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Home, garage, workshop, vehicle - wherever - mount the extinguisher so it stays in one place, allowing everyone to always know its location. Regularly look at the gauge to ensure the needle is in the operable zone. Recharge after ANY use, regardless what the needle indicates, since residual extinguishing agent may cause a slow leak of what remains. If a carbon dioxide extinguisher, which has no gauge, regularly weigh it to ensure it matches the weight listed on the neck. If an extinguisher has a testing device, such as a pin, press it regularly to ensure it "springs back."

Extinguishers are "fire-specific" - Class A (wood, paper), B (flammable/combustible liquids), and/or C (energized electrical equipment). Packaging which indicates an extinguisher provides protection for certain items is an unfortunate marketing ploy. An A-B-C extinguisher is suitable for general use.

Mount extinguishers near exits so escape routes are more easily accessed. Get as close to the fire as possible and aim the extinguisher at its base. Use it in spurts, conserving it for flare-ups. Try to attack from upwind. Expect the extinguishing agent, except carbon dioxide, to cause coughing & eye irritation.

All this is easily said, and I realize "things happen" in the heat - no pun intended - of the moment.
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Old 07-23-2014, 08:28 AM
Joseph G Unrein Joseph G Unrein is offline
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Thanks for the list, but donít forget hose clamps. If you destroy one getting it off, your new hose is worthless.
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  #9  
Old 07-23-2014, 09:39 AM
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Mike Boyer Mike Boyer is offline
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I have never been in a parade with the Eureka or Horton but the Eureka has electric fans on it so I put an over-ride switch on it so I can turn the fans on all the time........the Horton is belt driven so its running all the time. I was watching a few fire muster parades on UTUBE and noticed that some parades the Fire Trucks are spread out so the are moving and can get some air flow while some parades are all bunched up and hardly moving.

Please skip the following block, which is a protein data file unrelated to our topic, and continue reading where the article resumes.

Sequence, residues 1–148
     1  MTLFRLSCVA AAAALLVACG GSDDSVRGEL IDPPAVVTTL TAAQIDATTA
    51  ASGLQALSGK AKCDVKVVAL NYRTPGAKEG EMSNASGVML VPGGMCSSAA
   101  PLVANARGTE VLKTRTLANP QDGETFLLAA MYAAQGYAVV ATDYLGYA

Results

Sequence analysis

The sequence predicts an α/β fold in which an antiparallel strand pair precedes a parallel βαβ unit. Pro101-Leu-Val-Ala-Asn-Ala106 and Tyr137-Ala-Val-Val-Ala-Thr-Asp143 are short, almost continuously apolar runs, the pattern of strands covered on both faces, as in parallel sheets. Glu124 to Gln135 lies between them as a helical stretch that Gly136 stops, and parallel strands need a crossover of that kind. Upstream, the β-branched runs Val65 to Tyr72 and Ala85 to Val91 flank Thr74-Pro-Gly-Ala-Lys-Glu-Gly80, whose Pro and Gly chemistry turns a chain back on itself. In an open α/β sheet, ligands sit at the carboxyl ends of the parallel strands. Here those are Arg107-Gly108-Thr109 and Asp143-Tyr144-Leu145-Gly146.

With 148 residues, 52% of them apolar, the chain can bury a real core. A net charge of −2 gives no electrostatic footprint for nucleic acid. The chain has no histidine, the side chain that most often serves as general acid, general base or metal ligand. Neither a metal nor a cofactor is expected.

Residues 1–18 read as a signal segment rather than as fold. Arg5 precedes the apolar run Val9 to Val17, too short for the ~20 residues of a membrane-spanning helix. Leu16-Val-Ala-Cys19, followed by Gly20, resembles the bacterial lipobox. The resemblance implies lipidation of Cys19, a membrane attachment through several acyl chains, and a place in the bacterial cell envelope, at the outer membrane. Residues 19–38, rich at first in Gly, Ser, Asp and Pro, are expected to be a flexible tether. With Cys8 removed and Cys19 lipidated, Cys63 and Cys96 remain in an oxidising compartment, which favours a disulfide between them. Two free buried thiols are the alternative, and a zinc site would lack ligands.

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Old 07-23-2014, 10:06 AM
John Royark JR John Royark JR is offline
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Quote:
Originally Posted by Jacob M. Fournier View Post
I find that I don't prepare the same for daily driving as I do if I'm traveling. If I break down in my daily travels, help (and my own toolbox / parts) are generally just a phone call away, and I really don't carry much in the car. A trip out of the area, or a parade, I definitely give more thought to.
Even a trip to the store is an hour away, so Im always somewhat out of the area. I do many parades and used to travel all over. I guess I figured Im better off without tools in my hand, and I check everything before I leave, so far it has worked, or Im just lucky. My cars are driven much more than most drive their collector cars (some here are lucky to put 200 miles a year, which I don't understand), so I don't have the issues with cars get that sit more than run.
One thing I know some people carry I haven't heard mentioned yet is points and condenser.
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Current owner of:
1949 S&S Cadillac Knickerbocker combo
1985 Superior Cadillac Sovereign FWD hearse
1985 Eureka Pontiac Chieftain hearse
1995 Superior Chevrolet Chancellor hearse
See all my pro cars past and present in my photo album